Gov­ern­ments are ditch­ing the Eurobond for syn­di­cated loans

The East African - - NEWS - By AL­LAN OLINGO The Eastafrican Pic: File

Africa is find­ing it dif­fi­cult to raise money, with gov­ern­ments ditch­ing the Eurobond mar­ket as coun­try rat­ings re­main shaky.

The African re­gion is in­creas­ingly find­ing it dif­fi­cult to raise money, with gov­ern­ments ditch­ing the Eurobond mar­ket in favour of syn­di­cated loans as coun­try rat­ings re­main shaky.

At the start of this year, Kenya, Tan­za­nia, Ethiopia, Ghana and Rwanda had in­di­cated they would be is­su­ing Eurobonds but so far, none of them has. They con­tinue to bat­tle neg­a­tive rat­ings, eco­nomic growth slow­down and neg­a­tive in­vestor sen­ti­ment. This year it is only Ivory Coast that en­tered the in­ter­na­tional mar­ket in May, at­tract­ing al­most $10 bil­lion in bids for its Eurobond auc­tion.

The yields for the African bonds have been largely flat in the past month, with Kenya’s Eurobond yield at a two-year low. It is down by 33 ba­sis points in the past week to 5.93 per cent on the sec­ondary mar­ket, from 6.54 per cent in Oc­to­ber, sig­nalling that for­eign in­vestors may be jit­tery about the coun­try’s longterm prospects.

On Tues­day, Trea­sury Cabi­net Sec­re­tary Henry Rotich said they would still is­sue an­other Eurobond whose pro­ceeds will partly be used to re­pay a $750 mil­lion syn­di­cated loan is­sued two years ago, and ma­tur­ing in 2019.

“We are con­sid­er­ing tap­ping the in­ter­na­tional debt mar­kets to ei­ther fi­nance in­fra­struc­ture de­vel­op­ment or for liq­uid­ity man­age­ment” said Mr Rotich, ad­ding that the Trea­sury still does not have a time­line for the new bond is­sue.

It has also emerged that most in­vestors in the syn­di­cated loan have agreed to ex­tend its ma­tu­rity by six months from Oc­to­ber this year to April 2018, mean­ing the new Eurobond could be floated be­fore the end of the first quar­ter next year.

Early this year, Dar es Salaam had in­di­cated that it would be test­ing the in­ter­na­tional mar­kets with a de­but Eurobond un­der Pres­i­dent John Magu­fuli.

Three months later, the coun­try would re­veal it was in dis­cus­sions with Credit Suisse for a $300 mil­lion loan meant for its projects. The fund­ing was re­ceived mid this year, putting brakes on the Eurobond mar­ket.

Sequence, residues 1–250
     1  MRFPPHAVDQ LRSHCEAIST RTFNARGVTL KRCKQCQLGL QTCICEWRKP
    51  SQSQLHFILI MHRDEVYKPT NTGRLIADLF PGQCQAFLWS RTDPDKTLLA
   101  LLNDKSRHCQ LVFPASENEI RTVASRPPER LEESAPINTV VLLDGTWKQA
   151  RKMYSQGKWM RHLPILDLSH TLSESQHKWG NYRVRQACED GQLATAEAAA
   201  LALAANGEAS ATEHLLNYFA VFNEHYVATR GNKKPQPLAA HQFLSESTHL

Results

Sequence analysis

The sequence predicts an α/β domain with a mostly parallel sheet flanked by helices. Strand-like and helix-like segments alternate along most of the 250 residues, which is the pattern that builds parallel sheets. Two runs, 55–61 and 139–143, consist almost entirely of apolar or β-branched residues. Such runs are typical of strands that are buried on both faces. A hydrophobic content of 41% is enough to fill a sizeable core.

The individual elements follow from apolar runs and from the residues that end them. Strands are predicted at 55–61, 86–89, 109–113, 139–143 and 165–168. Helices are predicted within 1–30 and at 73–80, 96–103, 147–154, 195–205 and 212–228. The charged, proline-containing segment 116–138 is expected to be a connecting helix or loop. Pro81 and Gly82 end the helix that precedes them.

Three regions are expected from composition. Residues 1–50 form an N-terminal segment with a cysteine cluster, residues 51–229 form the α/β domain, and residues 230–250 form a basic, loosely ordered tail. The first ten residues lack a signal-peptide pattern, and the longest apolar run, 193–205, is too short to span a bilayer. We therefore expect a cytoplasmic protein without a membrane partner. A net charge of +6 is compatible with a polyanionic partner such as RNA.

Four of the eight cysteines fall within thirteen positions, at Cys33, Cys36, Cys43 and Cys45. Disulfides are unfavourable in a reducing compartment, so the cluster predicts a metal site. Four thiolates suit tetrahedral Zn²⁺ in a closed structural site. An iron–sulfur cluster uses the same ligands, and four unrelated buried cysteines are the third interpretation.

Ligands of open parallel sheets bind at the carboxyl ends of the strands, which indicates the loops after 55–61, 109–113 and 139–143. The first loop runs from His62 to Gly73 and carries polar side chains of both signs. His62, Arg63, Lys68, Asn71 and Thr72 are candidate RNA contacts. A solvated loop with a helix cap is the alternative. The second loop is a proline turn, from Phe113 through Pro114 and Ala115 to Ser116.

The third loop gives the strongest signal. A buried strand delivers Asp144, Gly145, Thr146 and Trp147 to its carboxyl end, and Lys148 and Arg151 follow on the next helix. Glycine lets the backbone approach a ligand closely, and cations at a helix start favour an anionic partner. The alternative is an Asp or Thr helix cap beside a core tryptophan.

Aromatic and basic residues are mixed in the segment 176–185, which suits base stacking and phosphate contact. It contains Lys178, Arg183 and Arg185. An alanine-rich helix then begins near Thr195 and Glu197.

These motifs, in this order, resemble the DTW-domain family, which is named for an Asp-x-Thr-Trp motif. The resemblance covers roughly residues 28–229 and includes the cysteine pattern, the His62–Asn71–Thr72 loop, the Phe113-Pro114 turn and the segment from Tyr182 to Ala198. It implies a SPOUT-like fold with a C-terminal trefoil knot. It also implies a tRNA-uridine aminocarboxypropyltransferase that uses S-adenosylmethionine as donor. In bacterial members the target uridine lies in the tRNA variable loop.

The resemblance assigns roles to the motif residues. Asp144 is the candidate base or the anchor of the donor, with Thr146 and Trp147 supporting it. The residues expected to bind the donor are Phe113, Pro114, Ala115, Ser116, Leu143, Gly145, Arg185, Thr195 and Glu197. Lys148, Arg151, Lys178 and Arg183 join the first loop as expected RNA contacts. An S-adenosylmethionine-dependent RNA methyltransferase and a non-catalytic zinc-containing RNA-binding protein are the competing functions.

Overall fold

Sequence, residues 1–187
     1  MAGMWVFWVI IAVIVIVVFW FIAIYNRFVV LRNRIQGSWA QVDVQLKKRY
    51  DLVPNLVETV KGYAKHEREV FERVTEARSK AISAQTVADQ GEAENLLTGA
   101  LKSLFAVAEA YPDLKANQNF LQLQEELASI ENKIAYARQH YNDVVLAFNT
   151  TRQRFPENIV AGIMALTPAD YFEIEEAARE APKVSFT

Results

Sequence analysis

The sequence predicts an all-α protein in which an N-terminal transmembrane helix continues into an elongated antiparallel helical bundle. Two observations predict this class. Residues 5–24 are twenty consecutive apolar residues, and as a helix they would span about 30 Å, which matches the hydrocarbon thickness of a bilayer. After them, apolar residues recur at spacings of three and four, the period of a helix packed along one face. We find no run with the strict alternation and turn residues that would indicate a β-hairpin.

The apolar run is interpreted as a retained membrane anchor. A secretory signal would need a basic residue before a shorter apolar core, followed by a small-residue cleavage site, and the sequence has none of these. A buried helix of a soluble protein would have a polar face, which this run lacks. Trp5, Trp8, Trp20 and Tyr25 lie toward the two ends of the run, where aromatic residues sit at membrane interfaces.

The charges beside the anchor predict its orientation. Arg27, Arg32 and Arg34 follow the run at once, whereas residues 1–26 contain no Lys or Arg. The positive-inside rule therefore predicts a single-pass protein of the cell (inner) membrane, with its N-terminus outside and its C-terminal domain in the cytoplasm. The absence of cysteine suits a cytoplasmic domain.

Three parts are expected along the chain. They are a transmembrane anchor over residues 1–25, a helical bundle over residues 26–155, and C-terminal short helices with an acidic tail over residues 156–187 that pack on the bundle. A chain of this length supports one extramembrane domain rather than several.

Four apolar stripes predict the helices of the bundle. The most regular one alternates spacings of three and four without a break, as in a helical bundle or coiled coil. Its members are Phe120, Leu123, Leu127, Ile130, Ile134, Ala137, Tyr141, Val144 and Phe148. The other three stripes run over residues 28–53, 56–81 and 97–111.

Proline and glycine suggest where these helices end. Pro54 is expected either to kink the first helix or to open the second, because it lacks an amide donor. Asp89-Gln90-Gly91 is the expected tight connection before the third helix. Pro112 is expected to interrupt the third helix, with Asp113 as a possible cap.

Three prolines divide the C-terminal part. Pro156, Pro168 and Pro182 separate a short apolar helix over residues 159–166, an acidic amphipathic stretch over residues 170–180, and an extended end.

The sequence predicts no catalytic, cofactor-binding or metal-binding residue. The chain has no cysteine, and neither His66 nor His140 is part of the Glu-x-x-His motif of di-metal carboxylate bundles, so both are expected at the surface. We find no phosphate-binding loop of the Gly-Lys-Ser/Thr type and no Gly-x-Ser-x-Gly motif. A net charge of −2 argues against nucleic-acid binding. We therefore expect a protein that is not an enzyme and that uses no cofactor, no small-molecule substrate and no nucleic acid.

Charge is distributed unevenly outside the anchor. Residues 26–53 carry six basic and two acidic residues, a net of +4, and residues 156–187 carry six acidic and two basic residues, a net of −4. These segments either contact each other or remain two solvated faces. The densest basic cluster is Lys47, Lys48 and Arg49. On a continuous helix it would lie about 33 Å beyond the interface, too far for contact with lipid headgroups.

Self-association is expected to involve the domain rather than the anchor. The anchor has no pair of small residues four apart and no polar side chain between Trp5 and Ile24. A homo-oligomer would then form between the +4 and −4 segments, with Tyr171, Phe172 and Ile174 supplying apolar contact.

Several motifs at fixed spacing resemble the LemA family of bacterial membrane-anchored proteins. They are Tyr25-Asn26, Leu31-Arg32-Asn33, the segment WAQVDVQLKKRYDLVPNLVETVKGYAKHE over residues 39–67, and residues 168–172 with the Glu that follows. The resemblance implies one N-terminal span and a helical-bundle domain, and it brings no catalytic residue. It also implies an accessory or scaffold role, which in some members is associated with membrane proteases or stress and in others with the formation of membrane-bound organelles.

“We had ini­ti­ated talks with Lon­don-based Credit Suisse for a $300 mil­lion loan. We are also in sep­a­rate talks with other lenders, in­clud­ing the Kuwait Fund for Arab Eco­nomic De­vel­op­ment, the Abu Dhabi state fund Mubadala De­vel­op­ment and the Opec Fund for In­ter­na­tional De­vel­op­ment for other con­ces­sional loans to fund these projects,” Tan­za­nia’s Min­is­ter of Fi­nance and Plan­ning Dr Philip Mpango said, ad­ding that they were look­ing at rais­ing $936 mil­lion in the cur­rent fi­nan­cial year to fund in­fra­struc­ture projects.

The Eastafrican has learnt that Tan­za­nia failed to ac­quire a rat­ing agency that would see it get a fair deal, forc­ing the coun­try back to the syn­di­cated loans mar­ket with a bias to­wards con­ces­sional loans.

“The process for the Eurobond was never fi­nalised after we en­coun­tered a num­ber of chal­lenges es­pe­cially in ac­quir­ing a rat­ing agency,” Bank of Tan­za­nia econ­o­mist Genes Ki­maro said.

Deepak Dave, an an­a­lyst at River­side Cap­i­tal, a Nairo­bibased risk man­age­ment firm, said that for re­gional economies, the era of cheap Eurobonds could just be over mostly be­cause of the cur­rent mar­ket dy­nam­ics.

“The mar­ket has wit­nessed an ar­ti­fi­cial de­pres­sion of the risk­free rate. Debt ceil­ing pres­sures have made some coun­tries’ de­fault chance al­most a re­al­ity. Pol­i­tics and poor fis­cal man­age­ment have also seen in­vestors place a higher risk pre­mium on in­ter­est rates, mak­ing these bonds a gam­ble for African coun­tries,” said Mr Dave.

Kenya loans

Kenya has in the past year re­ceived more than $1.2 bil­lion in syn­di­cated loans ar­ranged by Stan­dard Charted Bank, Citi Bank and Stan­dard Bank as it strug­gles to pur­suade in­vestors to take up its Eurobond which has failed to take off, with the just con­cluded elec­tion not of­fer­ing a con­ducive en­vi­ron­ment.

“Kenya has faced many pre­elec­tion un­cer­tain­ties that would re­flect badly on such a bond. How­ever there is still ap­petite for these bonds and the coun­try could just pack­age it well in its prospec­tus,” head of Quan­tum Global Re­search Mthuli Ncube said.

Fran­cis Omondi, an eco­nomics don at Keny­atta Univer­sity said that cur­rently, the charts are show­ing that African coun­tries’ debt and debt sus­tain­abil­ity has be­come an is­sue, es­pe­cially given the re­cent eco­nomic growth slow­down, fall­ing com­mod­ity process, cur­rency de­val­u­a­tions and gen­eral un­cer­tainty.

“In the past, the mar­ket was very re­cep­tive to coun­tries that ven­tured into the in­ter­na­tional sovereign mar­kets be­cause they rode on the Africa Ris­ing nar­ra­tive. How­ever, this rise stalled and fell with a drop in com­mod­ity prices, par­tic­u­larly for the re­source-de­pen­dent na­tions, putting pres­sure on lo­cal cur­ren­cies and stag­nated growth. The rat­ings agen­cies neg­a­tive out­look also did the African coun­tries in, forc­ing them back to syn­di­cated loans that are slightly more ex­pen­sive,”said Mr Omondi.

Ngong Road in Nairobi un­der con­struc­tion. Coun­tries are seek­ing to raise cash mainly for in­fra­struc­ture projects.

Newspapers in English

Newspapers from Kenya

© PressReader. All rights reserved.